Bison:Bison Sales

Contact us for any interest, questions or purchase arrangements.

Yearling Bison

12 Heifer Yearlings born Spring 2021 at $2,000 each.
7  Bull Yearlings born Spring 2021 at $2,000 each.
Weight Ranges 400-550 lbs.

These yearlings are on grass only with no grain supplements.  They are in good shape to be used for future breeding stock or meat stock.  For breeding, you would want to keep them on grass and only supplement small bits of grain as needed.  For meat stock, you would want to keep them on grass until March of 2023 and start them on a combination of grass and free-choice grain to start finishing them for Fall/Winter 2023 processing. See below for Parasite and Inoculation information, Delivery Options and Management Practices.

2-Year Old Bison

4 Heifers 2-year Old born Spring 2020 at $2,500 each.  
Weight Ranges:  700-800 lbs.

These bison received some grain supplementation starting in Spring 2022 as they reached near-two-years old.  They are all suitable for either breeding or using for meat stock.  For breeding, they will begin to breed starting now as you combine them with a bull.  The breeding window is August – December in the southern region.  For meat, they can be put onto a combination of grass and free-choice grain to start fattening for processing late winter or early spring. See below for Parasite and Inoculation information, Delivery Options and Management Practices.

Adult Breeding Bison:

13 Open Bison Breeding Cows at $2,000 each

Only selling because we are downsizing the cow herd a bit – photo below
Cows have varying ages between 3-5 years old.  Varying weights 800-950.

Parasite Information:

We treat for internal parasites only when needed using a monthly schedule to perform lab work to watch the progression of internal parasites.  We generally do not have external parasite issues, or at least the periodic internal parasite medications may likely help control the odd periodic external parasite problem.  Medications used are Safeguard and Levimisole water applications for both when in the field, and Ivermectin and Cydectin when in the coral. 

Inoculation Information:

Pink-eye vaccinations were provided in June 2022 because of an outbreak of pink eye in our region with nearby cattle farms and some unusual pressure on our herd from that outbreak.  We have generally only treated with a pink-eye vaccination when needed, which is usually 1 out of every 5-6 years.  We halted giving other inoculations to our bison many years ago after realizing that most vaccines are not tested on bison and may actually cause some harm to certain individuals, in addition to stressing the herd out giving them inoculations to prevent possible health issues that never really materialized.  We are more than happy to work any bison that you purchase through the coral and inoculate them as you require prior to purchase, as well as getting any necessary veterinary health papers that you require.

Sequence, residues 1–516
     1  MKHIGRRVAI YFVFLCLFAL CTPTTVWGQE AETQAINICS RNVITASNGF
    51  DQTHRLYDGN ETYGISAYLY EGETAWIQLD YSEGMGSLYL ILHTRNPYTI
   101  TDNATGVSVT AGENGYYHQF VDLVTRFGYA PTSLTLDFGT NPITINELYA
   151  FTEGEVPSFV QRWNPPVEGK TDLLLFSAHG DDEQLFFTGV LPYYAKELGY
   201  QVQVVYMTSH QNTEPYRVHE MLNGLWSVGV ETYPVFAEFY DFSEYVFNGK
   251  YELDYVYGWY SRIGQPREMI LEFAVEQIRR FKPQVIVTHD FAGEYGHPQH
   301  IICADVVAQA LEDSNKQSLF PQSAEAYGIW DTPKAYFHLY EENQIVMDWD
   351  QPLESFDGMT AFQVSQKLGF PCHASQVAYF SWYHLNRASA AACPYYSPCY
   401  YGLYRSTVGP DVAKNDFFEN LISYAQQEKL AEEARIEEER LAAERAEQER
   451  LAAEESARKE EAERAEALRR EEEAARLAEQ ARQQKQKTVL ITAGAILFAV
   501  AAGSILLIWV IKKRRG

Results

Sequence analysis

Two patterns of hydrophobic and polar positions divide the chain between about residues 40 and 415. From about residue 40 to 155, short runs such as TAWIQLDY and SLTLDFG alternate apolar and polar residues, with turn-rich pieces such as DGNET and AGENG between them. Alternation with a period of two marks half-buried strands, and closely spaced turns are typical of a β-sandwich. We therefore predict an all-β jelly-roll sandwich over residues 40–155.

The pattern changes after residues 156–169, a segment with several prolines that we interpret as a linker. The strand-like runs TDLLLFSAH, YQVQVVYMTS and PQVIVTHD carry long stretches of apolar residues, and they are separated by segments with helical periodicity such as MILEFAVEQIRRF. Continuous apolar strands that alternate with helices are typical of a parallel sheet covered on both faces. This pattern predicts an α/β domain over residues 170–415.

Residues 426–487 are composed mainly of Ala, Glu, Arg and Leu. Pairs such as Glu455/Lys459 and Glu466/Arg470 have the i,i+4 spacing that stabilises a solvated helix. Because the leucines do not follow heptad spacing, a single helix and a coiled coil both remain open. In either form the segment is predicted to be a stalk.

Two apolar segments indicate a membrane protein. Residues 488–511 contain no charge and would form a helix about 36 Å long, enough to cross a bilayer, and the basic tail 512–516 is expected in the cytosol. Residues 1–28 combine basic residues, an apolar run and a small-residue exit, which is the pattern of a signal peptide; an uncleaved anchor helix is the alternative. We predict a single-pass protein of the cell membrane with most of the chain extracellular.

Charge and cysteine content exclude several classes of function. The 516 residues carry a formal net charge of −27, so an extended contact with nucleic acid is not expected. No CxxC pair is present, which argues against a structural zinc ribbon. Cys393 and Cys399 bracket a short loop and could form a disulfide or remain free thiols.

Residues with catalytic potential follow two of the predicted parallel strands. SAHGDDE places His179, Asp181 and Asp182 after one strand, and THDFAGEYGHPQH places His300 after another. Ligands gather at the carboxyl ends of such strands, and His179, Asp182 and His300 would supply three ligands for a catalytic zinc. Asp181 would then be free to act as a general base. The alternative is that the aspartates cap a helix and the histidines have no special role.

Veterinary Health & Travel:

You would need to connect with your State Veterinary Office to get specific information on what is required for transporting livestock into your state.  Just ask about cattle, as the rules are the same and asking about bison is going to cause unnecessary confusion.  We will then get with our veterinarian to arrange the paperwork, but this would need at least 7-10 days to arrange.  Generally in Virginia, you need ear tag veterinary paperwork listing each animal that will be used for breeding purposes, and for livestock that are being moved for meat production, you just need a non-ear-tag list that says that they all generally look good.  Virginia is considered to be a brucellosis-free State.

Management Practices:

Our bison have been in a pasture grazing rotational program for more than 20 years.  Even the meat heard is managed in this way with rotating grain wagons.  The cow/calf herd goes onto hay around the end of October and remains on hay until the middle of April, and this herd gets no grain unless there is a nutritional deficiency issue, which hasn’t happened in many year and is always weather dependent.  The calves in the cow/calf herd have a creep feeder from July through October.  The meat herd is then fed the remaining available grass pastures through December with processing done for the season by about Jan/Feb, and grains used are a blend of mostly wheat middlings with soy and corn.  Parasite management and inoculations are explained above.  We maintain a low stress livestock management system and use our coral as little as possible.  Mineral for all bison are managed in beef-bull mineral feeders fed self-choice using a blend from the local co-op that is designed for counteracting fescu grass toxicity.


Delivery within a 2 hour drive (one way) from the farm is free.
Delivery within a 2-4 hour drive (one way) from the farm is $250.

Deliver further than the distances above require that you coordinate / arrange your own transportation, and we can help with some livestock truck contacts as needed.  The distances mentioned above will be based on what Google Maps specifies.

Each delivery using our trailer can hold up to about 10-12 adults or equivalent.

Yearlings in Breeding Herd
Yearlings in Breeding Herd
Yearlings in Breeding Herd
Production Bull
Production Bull
Breeding Bull 56W